A Creeping Wreck
There are times when a political commentator gig seems worse than useless. This is one.
Take Qaddafi. His execution stokes typical American manias, most prominently self-righteousness and revisionism. Resisting the main torrent is exhausting and distracting enough. Making counterarguments in the face of flying bullshit requires patience and strength, two qualities largely absent in our discourse.
I couldn't do it -- well, I could, but man, what a waste of energy.
Perhaps it's a younger person's game. I enjoyed tweaking blowhards back in the day. It was fun. The confused expressions I'd receive made me laugh. Calling John McLaughlin a loud shill to his face, on his show, into his cameras remains a satisfying moment. McLaughlin stumbled over his text for a beat. I don't think anyone had spoken to him like that. He froze me out for the rest of the show, snubbed me afterward and never invited me back. Like I gave a shit.
There were many others. Mostly on panels. I felt I had nothing to lose. I also thought I was telling the truth. As close as I could get, anyway. I was considered extreme, unserious, crazy, conspiratorial. Reactionaries sputtered when I trashed Reagan and Bush. Liberals shouted when I trashed the Clintons and even John McCain (who once was a liberal hero). None of it bothered me. It became a challenge. Nothing serious, but a form of exercise nonetheless.
I can't imagine doing it now. The information system is stacked against alternative views. You need to be either a masochist or egotist to engage it. And to what end? Average people don't watch political chat shows. The educated class is too indoctrinated to consider heretical arguments. Professional clowns are there to make noise and wave flags. Political lunacy is so mainstream that someone like me would sound like the real lunatic. Potentially fun, yes; but again, only if I were younger.
The Qaddafi death circus lacks the heat of Bin Laden's murder rave. But some sizzle exists. Tyrant though he was, Qaddafi was nothing like the global monster portrayed in popular fiction. It's comic how inflated his reputation became. The real story, where Qaddafi essentially danced to the neoliberal tune, serves no official interest.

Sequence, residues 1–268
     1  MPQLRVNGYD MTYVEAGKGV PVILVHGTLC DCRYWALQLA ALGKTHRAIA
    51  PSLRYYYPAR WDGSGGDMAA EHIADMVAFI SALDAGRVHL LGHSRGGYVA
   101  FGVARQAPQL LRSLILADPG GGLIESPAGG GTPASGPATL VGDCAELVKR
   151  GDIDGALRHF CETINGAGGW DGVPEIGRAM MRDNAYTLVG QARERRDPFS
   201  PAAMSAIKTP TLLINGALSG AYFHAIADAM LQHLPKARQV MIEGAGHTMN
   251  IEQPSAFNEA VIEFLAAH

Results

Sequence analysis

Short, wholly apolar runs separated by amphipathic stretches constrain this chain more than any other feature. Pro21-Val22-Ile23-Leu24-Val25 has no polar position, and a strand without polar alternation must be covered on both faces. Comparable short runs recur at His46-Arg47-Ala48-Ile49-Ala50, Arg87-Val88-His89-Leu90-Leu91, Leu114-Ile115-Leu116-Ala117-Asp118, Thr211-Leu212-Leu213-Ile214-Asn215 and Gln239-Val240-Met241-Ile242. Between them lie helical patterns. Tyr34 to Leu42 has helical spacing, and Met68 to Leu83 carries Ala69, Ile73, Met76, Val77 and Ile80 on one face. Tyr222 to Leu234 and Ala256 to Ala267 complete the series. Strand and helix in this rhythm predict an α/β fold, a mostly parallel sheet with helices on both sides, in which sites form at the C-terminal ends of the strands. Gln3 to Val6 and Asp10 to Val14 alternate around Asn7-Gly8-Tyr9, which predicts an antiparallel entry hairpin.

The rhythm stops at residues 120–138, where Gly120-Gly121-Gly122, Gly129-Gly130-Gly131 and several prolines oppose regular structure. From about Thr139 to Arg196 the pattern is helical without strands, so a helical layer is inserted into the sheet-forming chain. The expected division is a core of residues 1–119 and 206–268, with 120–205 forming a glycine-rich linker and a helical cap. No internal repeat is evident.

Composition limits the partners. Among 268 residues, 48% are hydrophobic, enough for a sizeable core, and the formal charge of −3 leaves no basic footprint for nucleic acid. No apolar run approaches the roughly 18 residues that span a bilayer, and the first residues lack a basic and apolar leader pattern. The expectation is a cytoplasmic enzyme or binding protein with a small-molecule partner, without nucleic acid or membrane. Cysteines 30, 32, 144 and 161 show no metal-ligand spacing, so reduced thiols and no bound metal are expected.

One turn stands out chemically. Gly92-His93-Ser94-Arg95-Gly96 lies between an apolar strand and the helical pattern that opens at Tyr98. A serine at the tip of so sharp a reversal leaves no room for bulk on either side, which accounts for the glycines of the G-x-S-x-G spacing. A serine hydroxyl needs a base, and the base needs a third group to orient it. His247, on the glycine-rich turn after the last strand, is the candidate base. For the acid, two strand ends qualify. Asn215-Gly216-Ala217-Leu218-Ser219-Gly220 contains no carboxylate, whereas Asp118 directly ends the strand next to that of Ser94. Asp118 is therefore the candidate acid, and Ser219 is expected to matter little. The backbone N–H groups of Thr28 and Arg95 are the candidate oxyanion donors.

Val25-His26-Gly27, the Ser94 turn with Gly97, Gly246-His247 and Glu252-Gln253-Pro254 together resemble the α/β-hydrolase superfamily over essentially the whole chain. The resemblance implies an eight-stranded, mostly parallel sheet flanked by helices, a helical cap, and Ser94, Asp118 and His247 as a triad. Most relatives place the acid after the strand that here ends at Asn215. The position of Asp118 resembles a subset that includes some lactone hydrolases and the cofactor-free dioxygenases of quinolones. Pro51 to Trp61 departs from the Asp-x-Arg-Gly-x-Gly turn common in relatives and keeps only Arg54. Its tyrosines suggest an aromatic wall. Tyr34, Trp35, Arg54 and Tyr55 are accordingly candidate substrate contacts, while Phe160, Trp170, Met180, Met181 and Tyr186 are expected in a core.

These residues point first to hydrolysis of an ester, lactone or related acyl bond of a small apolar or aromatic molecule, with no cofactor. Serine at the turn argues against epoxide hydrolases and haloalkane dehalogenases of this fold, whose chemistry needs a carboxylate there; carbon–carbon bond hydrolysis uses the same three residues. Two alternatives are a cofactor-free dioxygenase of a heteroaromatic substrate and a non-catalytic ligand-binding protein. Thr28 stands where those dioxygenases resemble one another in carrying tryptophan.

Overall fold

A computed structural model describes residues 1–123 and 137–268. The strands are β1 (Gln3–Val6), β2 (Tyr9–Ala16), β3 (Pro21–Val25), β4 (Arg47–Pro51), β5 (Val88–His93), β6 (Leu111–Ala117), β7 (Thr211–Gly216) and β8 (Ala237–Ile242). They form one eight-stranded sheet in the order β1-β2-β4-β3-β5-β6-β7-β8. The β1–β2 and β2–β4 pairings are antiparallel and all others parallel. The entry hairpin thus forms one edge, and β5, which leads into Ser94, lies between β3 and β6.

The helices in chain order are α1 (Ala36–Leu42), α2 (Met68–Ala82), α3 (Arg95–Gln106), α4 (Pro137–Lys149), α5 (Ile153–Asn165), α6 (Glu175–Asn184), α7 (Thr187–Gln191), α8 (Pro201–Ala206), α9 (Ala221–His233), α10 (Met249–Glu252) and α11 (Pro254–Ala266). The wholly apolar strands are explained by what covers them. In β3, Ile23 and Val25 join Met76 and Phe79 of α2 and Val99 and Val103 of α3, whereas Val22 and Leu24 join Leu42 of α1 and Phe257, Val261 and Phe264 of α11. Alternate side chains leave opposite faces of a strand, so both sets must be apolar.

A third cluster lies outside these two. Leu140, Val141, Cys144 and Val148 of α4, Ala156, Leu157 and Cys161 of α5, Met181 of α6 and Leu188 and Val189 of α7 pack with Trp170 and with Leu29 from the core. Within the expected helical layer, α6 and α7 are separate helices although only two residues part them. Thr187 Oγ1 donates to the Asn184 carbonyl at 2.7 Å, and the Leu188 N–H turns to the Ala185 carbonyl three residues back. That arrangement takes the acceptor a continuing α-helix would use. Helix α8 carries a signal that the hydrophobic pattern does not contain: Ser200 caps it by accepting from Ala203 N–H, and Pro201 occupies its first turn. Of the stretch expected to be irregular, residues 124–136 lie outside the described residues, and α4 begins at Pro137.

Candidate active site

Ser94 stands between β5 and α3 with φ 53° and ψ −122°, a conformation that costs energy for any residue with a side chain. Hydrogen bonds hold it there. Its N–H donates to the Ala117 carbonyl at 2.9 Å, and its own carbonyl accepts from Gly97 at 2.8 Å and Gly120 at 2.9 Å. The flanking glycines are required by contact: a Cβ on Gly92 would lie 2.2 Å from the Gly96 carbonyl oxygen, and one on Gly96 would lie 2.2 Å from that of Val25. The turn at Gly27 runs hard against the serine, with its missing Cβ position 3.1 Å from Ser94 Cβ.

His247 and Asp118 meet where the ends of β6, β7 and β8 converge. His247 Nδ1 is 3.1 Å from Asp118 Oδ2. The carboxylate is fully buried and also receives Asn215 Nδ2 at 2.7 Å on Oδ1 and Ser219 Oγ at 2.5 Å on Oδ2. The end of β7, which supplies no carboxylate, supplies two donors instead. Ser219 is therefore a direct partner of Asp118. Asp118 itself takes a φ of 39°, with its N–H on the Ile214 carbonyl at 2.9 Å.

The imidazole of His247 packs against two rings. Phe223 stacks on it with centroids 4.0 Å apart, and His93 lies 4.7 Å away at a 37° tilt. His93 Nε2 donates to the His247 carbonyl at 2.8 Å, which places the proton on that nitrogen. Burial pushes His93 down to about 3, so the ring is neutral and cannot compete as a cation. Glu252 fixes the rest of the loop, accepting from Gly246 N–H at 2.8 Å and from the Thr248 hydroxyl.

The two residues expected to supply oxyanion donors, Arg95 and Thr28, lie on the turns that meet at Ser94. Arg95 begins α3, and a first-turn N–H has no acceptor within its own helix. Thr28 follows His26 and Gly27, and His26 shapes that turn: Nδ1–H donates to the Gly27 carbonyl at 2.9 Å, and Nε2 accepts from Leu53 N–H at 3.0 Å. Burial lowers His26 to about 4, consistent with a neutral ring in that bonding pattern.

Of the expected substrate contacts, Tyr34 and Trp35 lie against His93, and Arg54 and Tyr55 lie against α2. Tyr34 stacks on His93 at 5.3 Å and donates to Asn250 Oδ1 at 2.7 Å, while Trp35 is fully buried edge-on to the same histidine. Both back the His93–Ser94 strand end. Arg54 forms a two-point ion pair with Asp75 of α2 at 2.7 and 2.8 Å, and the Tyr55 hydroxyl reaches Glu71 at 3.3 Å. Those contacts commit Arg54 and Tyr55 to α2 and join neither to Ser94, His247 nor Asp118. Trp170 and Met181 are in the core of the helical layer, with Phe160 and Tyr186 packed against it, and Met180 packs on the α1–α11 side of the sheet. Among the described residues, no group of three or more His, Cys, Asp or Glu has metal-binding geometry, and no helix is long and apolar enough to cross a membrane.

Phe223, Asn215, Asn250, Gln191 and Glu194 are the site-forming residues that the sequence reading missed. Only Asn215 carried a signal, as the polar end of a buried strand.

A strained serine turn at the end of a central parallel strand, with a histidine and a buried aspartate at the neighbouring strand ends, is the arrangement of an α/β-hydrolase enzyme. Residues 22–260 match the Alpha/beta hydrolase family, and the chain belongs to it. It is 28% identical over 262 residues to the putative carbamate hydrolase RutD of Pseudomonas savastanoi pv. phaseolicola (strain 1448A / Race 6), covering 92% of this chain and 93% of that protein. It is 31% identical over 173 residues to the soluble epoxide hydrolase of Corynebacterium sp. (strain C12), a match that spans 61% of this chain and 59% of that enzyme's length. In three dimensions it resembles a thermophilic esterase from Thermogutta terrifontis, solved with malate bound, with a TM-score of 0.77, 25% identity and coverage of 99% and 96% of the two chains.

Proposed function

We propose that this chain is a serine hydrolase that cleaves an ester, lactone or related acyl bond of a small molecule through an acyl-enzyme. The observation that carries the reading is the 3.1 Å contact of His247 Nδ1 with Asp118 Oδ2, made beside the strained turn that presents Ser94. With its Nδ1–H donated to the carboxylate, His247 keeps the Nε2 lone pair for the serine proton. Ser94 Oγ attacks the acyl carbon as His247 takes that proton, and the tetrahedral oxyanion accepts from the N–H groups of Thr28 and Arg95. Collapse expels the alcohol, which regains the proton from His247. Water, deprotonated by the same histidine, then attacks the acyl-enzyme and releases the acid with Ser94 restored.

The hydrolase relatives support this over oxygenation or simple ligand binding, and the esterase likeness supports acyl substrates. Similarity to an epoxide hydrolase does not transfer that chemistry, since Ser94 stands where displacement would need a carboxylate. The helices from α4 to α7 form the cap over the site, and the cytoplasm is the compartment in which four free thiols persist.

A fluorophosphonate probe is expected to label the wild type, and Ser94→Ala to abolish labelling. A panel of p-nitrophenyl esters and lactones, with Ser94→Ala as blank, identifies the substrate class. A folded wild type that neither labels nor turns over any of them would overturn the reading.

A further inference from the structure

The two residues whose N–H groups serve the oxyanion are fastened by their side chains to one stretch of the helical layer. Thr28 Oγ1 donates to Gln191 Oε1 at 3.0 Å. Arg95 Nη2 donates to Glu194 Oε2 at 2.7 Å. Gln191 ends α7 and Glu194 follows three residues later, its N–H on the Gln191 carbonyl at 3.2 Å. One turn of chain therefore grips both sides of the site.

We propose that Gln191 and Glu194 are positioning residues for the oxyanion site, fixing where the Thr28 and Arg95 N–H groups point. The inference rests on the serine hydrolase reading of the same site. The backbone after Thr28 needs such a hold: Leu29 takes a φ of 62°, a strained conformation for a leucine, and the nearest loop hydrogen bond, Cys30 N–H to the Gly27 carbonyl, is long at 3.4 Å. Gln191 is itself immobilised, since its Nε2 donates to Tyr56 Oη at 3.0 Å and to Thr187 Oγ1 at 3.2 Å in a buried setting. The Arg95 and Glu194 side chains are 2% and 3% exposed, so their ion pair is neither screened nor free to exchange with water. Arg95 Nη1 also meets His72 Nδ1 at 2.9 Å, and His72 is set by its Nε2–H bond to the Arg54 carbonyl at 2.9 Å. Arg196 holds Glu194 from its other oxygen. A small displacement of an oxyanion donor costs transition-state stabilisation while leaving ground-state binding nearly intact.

Like so many before him, Qaddafi was an imperial speed bag. To be pummeled when needed. Qaddafi helped in his own demise. His personal flamboyance owed more to Siegfried and Roy than Mussolini. His violations of human rights were rewarded and played down until he had to be Hitler again. Then he was the worst ruler on the planet. Beyond civilized norms. A mad dog loose among peaceful nations. There's only one way that narrative ends. As we've seen.
A nagging concern must be, Who do we get to replace Qaddafi? Not in geopolitical terms, but as a propaganda savage. Syria's Assad seems like the next target, though that would be a tougher production.
Despite official hostility, Syria and Israel have sought to normalize relations. Overthrowing Assad's regime would lead to regional instability, something I doubt Israel desires. But who the fuck knows. Once crazy is released, it quickly morphs into something deadlier. Especially when it's continually fed.
Qaddafi's straitjacket doesn't quite fit Iran's Ahmadinejad, yet tailoring continues. The most recent effort, a Master Plan employing Mexican drug cartels to whack a Saudi ambassador, was inspired. I'm not sure who the target audience for that was, but its creators committed to the premise.
It was reminiscent of the Soviet MiG scare in Nicaragua. More closely, the fabled Libyan hit squads that roamed Washington, DC, somehow undetected, but armed and ready for action. (This was dramatized in the popular science film, Back To The Future.) When does Iran ditch its surrogates and sends its own hit squads stateside? I'm sure we'll be the first to know.